deciphering how they work will impact upon many

think hard rather than do too much. I remembered

different biological processes and human diseases.

a meeting with him early on my PhD. I told him that I

Gaining insight into these mechanisms, and the

did A, B and C over the past week. He said great but

potential to come up with novel therapeutic avenues,

added that the important thing in research is to think

is what drives my interest in life science research.

deeply rather than be too mired in the details of


advise interested Hwa Chong students to be involved

VOYAGER 2014

doing, which I guess is very Singaporean. I would


Dr Tan (VT): My research is in the area of information
theory. Just as biology is the science behind modern

in research as soon as possible so that you know

medicine, information theory is the science behind

whether this is the right thing for you. To be a

communication systems. It forms the mathematical

successful researcher or academic, you need a certain

basis of why your mobile phones work and why we can

type of personality. You need to be really driven and

compress large files using g-zip efficiently. I establish

have initiative. You cant wait for things to happen.

Foundations For The Future

12

Because these pathways are so basic to a cell,

the fundamental performance limits of transmitting


information through noisy environments. Much of my

What do you find most enjoyable in doing research

work is mathematical in nature and involves using

and what do you find most challenging?

theories

in

HG: Most enjoyable: When you logically plan out an

mathematical statistics and optimization. You can learn

experiment after a lot of troubleshooting, deduce

much more about my work from my homepage.

what you expect to see, and then see the fruits of your

www.ece.nus.edu.sg/stfpage/vtan/

labour (i.e. the results are not uninterpretable

from

and

develop

new

theories

uninterpretable results are worse than negative


What motivated you to embark on research as a

results), that is extremely rewarding. The nature of

career?

research is such that 99% of the time, you are

HG: I have always liked to find out the reason behind

disappointed by what you see, but in that 1% of the

phenomena and explain how things work. When the

time when things work out, the joy is so addictive that

library couldnt answer all the why questions that I

you keep going back for more .

had, I decided that I would go into science to have a

Most challenging: In life science experiments, you

shot at finding things out myself. Growing up, I had

often need to do quite a bit of optimisation and

pretty severe eczema, and wanting to know the

troubleshooting. Knowing when to keep going, and

reason behind my condition was also why I decided

when to let go and try a new approach is not easy, and

to go into the life sciences.

is still something Im learning to do now.

VT: I was motivated to embark on research due to my

VT: The most enjoyable aspect of my job is the

inspirational teachers in school and professors in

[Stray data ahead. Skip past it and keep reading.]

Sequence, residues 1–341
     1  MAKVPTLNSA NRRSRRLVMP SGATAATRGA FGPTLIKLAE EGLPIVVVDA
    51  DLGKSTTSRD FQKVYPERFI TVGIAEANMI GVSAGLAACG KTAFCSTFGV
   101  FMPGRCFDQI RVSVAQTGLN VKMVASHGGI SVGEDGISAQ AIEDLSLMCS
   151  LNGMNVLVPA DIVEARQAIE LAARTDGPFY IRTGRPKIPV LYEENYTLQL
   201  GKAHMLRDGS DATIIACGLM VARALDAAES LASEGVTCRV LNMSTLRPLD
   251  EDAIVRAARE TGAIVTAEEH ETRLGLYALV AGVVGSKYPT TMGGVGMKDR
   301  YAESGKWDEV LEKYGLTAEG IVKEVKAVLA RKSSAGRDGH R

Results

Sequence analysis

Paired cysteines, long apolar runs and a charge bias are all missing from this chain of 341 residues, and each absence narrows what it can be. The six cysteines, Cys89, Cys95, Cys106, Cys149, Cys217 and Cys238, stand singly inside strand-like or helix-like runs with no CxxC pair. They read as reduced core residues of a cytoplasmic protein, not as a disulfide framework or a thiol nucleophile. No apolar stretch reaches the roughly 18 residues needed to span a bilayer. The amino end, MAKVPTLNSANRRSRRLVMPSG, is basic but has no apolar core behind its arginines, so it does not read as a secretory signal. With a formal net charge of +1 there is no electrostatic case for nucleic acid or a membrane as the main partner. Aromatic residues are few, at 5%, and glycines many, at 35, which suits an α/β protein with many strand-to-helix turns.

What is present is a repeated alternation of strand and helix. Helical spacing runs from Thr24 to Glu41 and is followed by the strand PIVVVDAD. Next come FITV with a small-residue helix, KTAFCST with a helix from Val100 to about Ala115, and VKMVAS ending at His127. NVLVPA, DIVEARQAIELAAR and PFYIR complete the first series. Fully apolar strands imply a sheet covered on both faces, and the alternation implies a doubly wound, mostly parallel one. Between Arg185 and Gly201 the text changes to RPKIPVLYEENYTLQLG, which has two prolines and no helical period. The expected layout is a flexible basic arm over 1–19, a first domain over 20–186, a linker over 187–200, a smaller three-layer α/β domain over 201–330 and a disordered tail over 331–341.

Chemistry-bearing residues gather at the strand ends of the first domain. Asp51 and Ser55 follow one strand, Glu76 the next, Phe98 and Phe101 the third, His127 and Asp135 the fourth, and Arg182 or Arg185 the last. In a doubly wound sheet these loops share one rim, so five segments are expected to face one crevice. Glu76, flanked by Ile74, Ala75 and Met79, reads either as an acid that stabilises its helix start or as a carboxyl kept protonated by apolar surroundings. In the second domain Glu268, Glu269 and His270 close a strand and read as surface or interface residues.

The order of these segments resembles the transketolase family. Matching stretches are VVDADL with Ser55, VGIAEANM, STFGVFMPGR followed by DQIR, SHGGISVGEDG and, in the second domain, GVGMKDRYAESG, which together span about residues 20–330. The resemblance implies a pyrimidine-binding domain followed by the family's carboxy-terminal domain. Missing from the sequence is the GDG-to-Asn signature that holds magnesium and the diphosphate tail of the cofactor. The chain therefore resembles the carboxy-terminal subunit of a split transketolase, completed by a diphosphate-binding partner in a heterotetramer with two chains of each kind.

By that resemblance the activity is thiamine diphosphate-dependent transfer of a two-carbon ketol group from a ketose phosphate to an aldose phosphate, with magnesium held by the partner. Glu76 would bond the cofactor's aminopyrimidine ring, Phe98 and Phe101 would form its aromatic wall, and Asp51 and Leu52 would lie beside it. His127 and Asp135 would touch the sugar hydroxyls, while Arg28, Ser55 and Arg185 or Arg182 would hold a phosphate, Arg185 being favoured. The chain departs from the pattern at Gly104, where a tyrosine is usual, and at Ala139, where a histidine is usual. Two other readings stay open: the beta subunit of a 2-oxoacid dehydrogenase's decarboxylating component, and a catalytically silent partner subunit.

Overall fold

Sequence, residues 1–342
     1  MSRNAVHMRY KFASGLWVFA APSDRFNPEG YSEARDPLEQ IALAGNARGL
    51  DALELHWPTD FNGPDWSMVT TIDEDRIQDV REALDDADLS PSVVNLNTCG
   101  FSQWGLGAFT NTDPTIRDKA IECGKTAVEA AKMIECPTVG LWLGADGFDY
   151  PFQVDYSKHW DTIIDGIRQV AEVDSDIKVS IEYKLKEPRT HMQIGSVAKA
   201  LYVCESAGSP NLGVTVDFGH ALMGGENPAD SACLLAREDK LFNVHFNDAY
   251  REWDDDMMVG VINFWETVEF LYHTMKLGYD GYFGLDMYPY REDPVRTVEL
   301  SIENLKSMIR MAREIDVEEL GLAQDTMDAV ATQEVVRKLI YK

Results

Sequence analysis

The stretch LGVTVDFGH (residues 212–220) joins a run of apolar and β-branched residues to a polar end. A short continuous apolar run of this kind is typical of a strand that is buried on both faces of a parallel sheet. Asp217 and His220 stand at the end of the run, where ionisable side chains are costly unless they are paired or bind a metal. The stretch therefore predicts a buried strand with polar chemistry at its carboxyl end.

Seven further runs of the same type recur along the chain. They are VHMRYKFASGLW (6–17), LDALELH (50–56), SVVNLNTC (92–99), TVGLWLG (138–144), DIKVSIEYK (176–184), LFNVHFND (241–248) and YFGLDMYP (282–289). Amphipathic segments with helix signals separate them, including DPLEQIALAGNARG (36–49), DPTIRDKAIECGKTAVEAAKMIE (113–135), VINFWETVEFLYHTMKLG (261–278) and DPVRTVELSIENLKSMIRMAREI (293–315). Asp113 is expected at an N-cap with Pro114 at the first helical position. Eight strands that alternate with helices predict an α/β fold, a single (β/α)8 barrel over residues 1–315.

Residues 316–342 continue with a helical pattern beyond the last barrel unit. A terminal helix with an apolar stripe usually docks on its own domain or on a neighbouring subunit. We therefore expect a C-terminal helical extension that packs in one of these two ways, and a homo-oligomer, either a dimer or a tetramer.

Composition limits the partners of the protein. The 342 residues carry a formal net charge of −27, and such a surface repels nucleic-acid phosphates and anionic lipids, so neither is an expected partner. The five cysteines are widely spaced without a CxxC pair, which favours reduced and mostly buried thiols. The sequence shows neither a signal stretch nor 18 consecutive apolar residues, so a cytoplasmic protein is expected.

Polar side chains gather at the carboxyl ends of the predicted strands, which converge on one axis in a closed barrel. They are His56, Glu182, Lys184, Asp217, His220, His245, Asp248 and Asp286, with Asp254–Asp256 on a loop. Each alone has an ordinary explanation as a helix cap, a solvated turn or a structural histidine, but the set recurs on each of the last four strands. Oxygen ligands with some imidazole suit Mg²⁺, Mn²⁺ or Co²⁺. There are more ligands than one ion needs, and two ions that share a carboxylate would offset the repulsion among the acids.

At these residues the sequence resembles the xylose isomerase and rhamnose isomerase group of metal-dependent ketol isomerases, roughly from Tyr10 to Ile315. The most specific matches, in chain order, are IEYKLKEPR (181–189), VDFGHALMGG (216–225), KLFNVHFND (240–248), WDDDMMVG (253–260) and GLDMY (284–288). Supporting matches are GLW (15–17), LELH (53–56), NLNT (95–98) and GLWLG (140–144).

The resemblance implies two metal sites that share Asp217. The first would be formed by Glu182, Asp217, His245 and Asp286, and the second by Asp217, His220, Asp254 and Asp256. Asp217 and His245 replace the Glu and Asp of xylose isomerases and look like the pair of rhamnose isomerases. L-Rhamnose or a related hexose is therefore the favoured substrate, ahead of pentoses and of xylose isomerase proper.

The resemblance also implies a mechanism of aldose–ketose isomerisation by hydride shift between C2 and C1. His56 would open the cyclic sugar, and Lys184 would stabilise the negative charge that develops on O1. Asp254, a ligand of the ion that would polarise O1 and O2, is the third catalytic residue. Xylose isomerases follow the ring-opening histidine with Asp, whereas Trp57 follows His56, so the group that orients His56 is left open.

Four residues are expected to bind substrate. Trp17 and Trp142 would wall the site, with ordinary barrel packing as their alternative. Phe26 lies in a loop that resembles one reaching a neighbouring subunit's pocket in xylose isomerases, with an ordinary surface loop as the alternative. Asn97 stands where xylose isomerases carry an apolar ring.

discovery of a new result and the proof of a difficult

Cambridge where I did my undergraduate studies. In

theorem. The realization that youre the first to

particular, in the latter part of my studies in

demonstrate

Cambridge, I knew I wanted to be a professor, to

satisfying. It means youre contributed to mankinds

non-trivial

result

is

immensely

knowledge. Future references to your result would


bear your name. Isnt that cool?
The most challenging aspect is the knowledge that
when you try to prove something difficult, you know
that generations of brilliant people have tried and
probably failed so it is hard to imagine that you can
do it. I try not to be affected by this too much and to
persevere or in some cases, work on a completely
new and relatively unexplored area to break new
ground.
In your opinion, what are some qualities that a
researcher should embody?
HG: (i) perseverance, (ii) working smart, (iii) always
thinking of new angles to attack a problem, (iv)
being aware of what is going on in your field, so that
you can do point (iii).
VT: A certain naivety is sometimes crucial and can
prove the difference between success and failure. If
you dont know too much about a certain field,
youre able to bring in tools and techniques from

mathematics in my case is imperative.


Any words of advice for your Hwa Chong juniors
intending to pursue a career in research?
HG:

Have more confidence in your abilities. One

thing that was immediately apparent doing a PhD in


the US is that Americans are very confident.
Conversely, Singaporeans tend to be more reserved
and afraid of voicing out, and in so doing, often
shortchange ourselves.
VT: The training required to be a researcher is a very
long journey. It is important to continually discover
your interests along the way and not to be afraid of
learning new things but if you do choose to do
research, it is important to know the fundamentals
well.
Thank you very much and we wish the both of you
all the best for your careers and family life!

13
VOYAGER 2014

problems. Of course, having a strong background in

Foundations For The Future

some other field youre more familiar in to solve

STUDENTS VOICES
Research is formalized curiosity. It is poking and prying with a purpose
- Zora Neale Hurston

Students Voices

VOYAGER 2014

14

Every year, more than a hundred Hwa Chong Students embark on a new journey to satisfy
their curiosity through the various research programmes such as CenTaD, NRP and SRP.
These programmes provide students with the valuable opportunity to discover the
unknown and embark on an unforgettable learning journey in the realm of research.